During the pandemic we have seen countless examples of businesses using their copyright to pivot into new areas - reframing their existing copyright in fresh ways to find different audiences, charging for their services in additional ways. This is why doing a copyright audit can be so useful - are you missing out on potential business or revenue models?

Trademark

Unlike copyright, trademarks are not an automatic right. They must be registered through the government's intellectual property office based in Newport.

A trademark can be words, an illustrated mark, or a combination of both. And the purpose of the trademark is to help customers differentiate one company's product or service from another - and to stop other companies 'passing off' your goods as theirs, ensuring the goodwill and reputation you have built up stays with you and is not commercialised by someone else.

You can trademark both your company name and the products it offers.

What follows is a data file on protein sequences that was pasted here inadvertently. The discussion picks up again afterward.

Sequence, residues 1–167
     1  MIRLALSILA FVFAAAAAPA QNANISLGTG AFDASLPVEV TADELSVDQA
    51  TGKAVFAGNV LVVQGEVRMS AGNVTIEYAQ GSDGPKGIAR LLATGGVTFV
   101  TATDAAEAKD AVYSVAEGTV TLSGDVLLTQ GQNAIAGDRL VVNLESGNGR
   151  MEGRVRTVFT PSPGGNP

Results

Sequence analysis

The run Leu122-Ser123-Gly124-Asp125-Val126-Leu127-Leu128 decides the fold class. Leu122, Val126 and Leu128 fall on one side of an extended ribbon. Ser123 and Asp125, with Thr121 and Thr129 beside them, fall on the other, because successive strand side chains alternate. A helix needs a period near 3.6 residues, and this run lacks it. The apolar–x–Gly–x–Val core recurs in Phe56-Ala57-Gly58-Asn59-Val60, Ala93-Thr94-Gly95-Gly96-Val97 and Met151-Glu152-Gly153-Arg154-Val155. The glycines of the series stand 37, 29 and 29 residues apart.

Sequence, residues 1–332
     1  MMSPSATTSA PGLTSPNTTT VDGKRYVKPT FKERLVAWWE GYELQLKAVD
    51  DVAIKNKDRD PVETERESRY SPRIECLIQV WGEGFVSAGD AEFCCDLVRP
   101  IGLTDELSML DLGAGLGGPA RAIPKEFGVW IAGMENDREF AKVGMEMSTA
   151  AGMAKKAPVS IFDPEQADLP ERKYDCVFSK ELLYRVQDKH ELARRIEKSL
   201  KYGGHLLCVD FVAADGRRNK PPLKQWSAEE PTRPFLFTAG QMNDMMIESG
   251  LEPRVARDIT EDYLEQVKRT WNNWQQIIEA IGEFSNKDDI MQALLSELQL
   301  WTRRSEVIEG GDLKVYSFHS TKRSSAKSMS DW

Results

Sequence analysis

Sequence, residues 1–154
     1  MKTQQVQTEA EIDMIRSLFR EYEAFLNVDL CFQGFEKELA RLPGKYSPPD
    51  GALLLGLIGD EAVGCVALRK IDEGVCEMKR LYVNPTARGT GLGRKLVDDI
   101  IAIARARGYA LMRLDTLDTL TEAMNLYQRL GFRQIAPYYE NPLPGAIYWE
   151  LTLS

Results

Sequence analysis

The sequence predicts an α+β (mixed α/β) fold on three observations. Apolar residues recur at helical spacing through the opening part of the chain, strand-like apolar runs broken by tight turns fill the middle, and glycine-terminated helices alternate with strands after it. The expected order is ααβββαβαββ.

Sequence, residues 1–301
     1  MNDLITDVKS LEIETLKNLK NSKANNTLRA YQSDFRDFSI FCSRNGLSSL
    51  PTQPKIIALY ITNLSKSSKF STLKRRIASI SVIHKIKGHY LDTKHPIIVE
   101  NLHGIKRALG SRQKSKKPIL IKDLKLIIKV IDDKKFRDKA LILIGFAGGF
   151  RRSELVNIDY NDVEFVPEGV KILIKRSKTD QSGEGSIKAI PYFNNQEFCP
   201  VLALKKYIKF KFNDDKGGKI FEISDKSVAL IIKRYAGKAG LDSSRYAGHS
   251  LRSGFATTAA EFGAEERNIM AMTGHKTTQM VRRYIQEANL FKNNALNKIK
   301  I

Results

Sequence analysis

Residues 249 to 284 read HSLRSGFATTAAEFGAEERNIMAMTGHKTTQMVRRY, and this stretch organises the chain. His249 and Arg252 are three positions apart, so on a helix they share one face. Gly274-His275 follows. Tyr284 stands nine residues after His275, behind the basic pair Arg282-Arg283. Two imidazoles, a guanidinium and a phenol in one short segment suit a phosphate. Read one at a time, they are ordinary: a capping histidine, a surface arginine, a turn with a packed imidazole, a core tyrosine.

We're all more familiar with trademarks than other forms of IP. We come across them every day - the icons on your smartphone are all individual trademarks, as are all the brands we have in our store cupboards. Trademarks can be both 2D and 3D.

  • A trademark registration generally lasts for 10 years and can be extended indefinitely

  • There are 45 internationally registered trademark classes. When you register you have to decide which you want your trademark to be applied to. Classes 1-34 relate to goods and 35-45 to services. You can choose as many as you want when you first register

  • There are various restrictions on what you can and cannot register, such as internationally recognised symbols like flags or hallmarks, common names, or if someone else has already registered a trademark similar to the one you want to register for the goods/services you want to provide

Brighton-based creative studio The Ideas House has trademarked its unique strategy-development methodology - The Wow Sessions. It will be building a unique offer for this part of its business, so wanted to ensure the name was protected.

British heritage brand Benjamin Pollock's Toyshop was established over 130 years ago. It only registered its trademark relatively recently to protect its provenance for the future.

Registering a trademark is only worth doing if there is a sound commercial reason underpinning your decision. It is not expensive and can be relatively easy to do via the government website. However, if you have a more complex or international registration, I recommend you consult a trademark attorney.